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CRAFT: In the Kitchen
How-To: Eat a Pomegranate – Natures Juice Box
By Wendy Tremayne


It is pomegranate season. Starting in September and continuing through February pomegranates all over the northern hemisphere are ripening. Native to Persia, popular in the Middle East and India, the pom is now cultivated all over the world. It was not until 2002, however, when a variety of U.S. studies pointed towards the fruit’s health benefits, that pomegranate juice made it to U.S. grocery shelves. Perhaps the most curious thing about the fruit’s long history, evidenced in literature since the written word began, is the fact that few people know how to eat one.
There are more than 700 varieties of pomegranates. Each fruit contains 600 or more juice-encapsulating seeds that range in taste from sweet to sour (higher tannins) and in color from pale yellow to red and dark purple. The pomegranate’s nutritional value includes a good deal of vitamin C, B, and potassium, as well as antioxidant properties. Studies suggest that the pom offers benefits in preventing and/or treating health conditions such as prostate cancer, diabetes, lymphoma, the common cold, atherosclerosis, and coronary artery disease.
Pomegranate Tree Main2


The pomegranate’s romantic lore goes back in history. The Greeks explain the seasons of the year by the number of pomegranate seeds eaten by the goddess Persephone. In Hinduism an alternate name for Lord Ganesha is interpreted as the one who is fond of the many seeded fruit. The Jews recognize the 600+ seeds of the single fruit as metaphor for the 613 commandments of the Torah. The Qur’an mentions the pom as evidence of the great things God creates. Christian paintings of the bursting-open pomegranate represent the outpouring of the suffering of Jesus. The list goes on.
Perhaps the most essential thing we can learn about the peculiarly designed fruit is how to eat it. How does one extract the juice from the hundreds of small pouches that also contain a hard (and less edible) seed? The methods are many and include scoring the skin with a knife and breaking it open into sections, then separating the arils (juice-containing pods) while holding the fruit under water. This allows the arils to float to the top of the water and be scooped up by hand or using a strainer. But this method leaves us with the hard seeds at the center of the juice pods. It is also possible to freeze the whole fruit to ease the task of separating the arils from the membrane (skin). Some folks juice the arils in a citrus juicer and then strain out the seeds with a fine mesh strainer. My favorite method is perhaps the least known. It is waste free, tool free, uses only human energy, and separates the seeds from the juice perfectly.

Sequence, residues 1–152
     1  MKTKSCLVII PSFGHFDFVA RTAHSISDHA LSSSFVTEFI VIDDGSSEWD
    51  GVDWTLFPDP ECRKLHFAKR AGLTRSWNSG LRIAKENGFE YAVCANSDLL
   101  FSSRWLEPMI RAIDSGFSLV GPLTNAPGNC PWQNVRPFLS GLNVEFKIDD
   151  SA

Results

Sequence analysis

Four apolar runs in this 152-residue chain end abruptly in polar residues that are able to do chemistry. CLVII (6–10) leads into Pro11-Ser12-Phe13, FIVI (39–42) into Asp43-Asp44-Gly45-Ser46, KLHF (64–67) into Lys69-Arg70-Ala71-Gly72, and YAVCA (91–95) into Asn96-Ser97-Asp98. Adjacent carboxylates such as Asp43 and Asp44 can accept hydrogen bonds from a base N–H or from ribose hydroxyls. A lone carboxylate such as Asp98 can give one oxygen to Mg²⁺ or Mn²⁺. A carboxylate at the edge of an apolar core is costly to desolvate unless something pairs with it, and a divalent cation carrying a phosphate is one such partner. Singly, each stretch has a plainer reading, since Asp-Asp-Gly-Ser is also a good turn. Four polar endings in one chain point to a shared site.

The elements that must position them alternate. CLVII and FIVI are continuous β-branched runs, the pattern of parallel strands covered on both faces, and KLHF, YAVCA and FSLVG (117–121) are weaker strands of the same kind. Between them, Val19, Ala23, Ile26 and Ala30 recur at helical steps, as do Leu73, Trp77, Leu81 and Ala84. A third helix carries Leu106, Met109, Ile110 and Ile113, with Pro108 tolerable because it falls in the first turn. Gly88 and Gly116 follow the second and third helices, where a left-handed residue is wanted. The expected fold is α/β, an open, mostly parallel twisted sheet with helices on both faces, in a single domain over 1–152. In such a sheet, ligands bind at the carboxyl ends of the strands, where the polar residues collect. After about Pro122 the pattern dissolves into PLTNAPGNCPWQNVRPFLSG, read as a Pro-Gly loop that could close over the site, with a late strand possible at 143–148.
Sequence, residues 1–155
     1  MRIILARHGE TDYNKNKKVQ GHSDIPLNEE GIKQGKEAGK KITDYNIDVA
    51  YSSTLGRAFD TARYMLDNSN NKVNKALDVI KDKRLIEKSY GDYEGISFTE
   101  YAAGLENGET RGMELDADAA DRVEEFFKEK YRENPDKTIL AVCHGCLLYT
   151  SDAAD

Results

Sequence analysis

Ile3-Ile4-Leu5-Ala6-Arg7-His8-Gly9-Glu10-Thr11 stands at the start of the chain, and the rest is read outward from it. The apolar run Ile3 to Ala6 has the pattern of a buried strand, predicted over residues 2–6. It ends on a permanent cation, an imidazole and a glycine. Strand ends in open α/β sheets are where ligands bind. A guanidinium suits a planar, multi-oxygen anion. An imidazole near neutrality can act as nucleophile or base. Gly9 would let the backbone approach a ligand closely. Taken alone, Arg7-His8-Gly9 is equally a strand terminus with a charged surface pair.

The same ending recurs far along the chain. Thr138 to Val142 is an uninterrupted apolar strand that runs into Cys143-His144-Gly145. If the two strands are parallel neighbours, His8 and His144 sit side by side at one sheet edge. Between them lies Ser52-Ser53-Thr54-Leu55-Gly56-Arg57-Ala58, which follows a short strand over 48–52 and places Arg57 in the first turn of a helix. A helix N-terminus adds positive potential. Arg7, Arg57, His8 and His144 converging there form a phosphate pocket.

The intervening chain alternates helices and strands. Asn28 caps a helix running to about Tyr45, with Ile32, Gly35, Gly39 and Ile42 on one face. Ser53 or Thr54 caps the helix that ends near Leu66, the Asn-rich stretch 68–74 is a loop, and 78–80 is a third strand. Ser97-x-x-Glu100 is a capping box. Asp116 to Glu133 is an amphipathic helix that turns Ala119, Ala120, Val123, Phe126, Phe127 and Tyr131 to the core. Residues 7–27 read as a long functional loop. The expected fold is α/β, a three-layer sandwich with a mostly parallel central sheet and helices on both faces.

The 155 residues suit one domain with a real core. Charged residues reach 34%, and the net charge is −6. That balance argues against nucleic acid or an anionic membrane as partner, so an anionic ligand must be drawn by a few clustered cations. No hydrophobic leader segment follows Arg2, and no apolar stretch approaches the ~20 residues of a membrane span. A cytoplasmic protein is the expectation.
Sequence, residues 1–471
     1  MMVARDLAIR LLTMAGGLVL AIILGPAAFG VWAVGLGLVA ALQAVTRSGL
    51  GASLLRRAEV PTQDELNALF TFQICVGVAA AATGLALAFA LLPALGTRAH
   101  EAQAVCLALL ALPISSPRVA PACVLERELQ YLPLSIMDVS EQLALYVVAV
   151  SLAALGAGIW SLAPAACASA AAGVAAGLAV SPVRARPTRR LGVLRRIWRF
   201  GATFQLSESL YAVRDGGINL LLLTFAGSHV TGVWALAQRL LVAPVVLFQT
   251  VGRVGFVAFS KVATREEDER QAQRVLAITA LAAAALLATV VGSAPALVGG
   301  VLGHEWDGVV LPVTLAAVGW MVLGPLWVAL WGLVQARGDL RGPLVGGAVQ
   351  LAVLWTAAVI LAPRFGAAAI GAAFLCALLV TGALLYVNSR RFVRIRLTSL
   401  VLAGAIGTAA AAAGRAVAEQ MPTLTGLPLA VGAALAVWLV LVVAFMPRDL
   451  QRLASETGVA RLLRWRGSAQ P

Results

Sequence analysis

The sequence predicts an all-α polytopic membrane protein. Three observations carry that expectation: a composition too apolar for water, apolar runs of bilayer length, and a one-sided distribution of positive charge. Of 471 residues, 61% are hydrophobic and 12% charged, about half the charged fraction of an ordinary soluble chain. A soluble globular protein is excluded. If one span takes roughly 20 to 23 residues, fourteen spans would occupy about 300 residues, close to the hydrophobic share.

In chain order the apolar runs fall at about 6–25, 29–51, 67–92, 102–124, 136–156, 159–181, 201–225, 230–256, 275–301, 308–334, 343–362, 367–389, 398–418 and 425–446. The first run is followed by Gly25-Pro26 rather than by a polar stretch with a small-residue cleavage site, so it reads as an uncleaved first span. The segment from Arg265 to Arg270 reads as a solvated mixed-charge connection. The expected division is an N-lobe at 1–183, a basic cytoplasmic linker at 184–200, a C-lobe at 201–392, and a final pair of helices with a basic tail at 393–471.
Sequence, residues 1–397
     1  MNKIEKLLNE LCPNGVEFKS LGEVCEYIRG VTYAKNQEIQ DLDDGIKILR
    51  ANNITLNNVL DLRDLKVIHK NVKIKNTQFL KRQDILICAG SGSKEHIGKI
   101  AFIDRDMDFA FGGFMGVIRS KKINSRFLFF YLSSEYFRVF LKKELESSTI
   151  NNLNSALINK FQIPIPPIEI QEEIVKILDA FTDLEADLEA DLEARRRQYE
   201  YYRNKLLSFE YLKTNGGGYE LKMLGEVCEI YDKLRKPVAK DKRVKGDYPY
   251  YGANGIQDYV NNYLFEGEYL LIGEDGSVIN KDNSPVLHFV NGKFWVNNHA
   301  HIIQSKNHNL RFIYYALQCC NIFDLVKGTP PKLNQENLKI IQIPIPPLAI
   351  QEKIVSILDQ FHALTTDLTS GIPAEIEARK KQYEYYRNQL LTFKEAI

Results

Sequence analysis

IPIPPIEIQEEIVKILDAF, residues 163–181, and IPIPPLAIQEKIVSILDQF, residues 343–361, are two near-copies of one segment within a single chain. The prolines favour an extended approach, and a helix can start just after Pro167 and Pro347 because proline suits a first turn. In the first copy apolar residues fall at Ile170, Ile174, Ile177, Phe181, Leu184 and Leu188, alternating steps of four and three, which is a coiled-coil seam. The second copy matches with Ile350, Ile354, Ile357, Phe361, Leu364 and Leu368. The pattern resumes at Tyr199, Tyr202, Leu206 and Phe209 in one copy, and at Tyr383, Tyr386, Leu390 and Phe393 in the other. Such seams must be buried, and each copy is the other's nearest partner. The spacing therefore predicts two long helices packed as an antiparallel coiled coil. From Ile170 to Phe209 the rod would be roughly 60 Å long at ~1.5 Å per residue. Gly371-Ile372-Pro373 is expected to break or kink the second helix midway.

Pomegranate Roll
Step 1: Roll all sides of your pomegranate along a hard surface in a back-n-forth motion. The membrane of the fruit will soften as the juice filled seeds pop and release the juice into the membrane.
Pomegrante Puncture
Step 2: Continue to roll the fruit until the whole membrane is soft and it feels like the inside is full of liquid. Puncture a hole anywhere in the fruit and suck.
Pomegranate Final
Step 3: The inside of the fruit is divided with soft membrane walls dividing the fruit interior in sections. You may suck all the juice out of one part and then need to puncture new holes to access the other parts. Poke around and make new holds each time the juice seems to run out and until your fruit feels empty. Toss the membrane anywhere. It is perfect compost and will naturally break down in the environment.
About the Author:
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Wendy Tremayne is renovating an RV park into a 100% reuse, off-grid B&B in Truth or Consequences, N.M. Another project, Swap-O-Rama-Rama, is a clothing swap and DIY workshop designed to offer people an alternative to consumerism.


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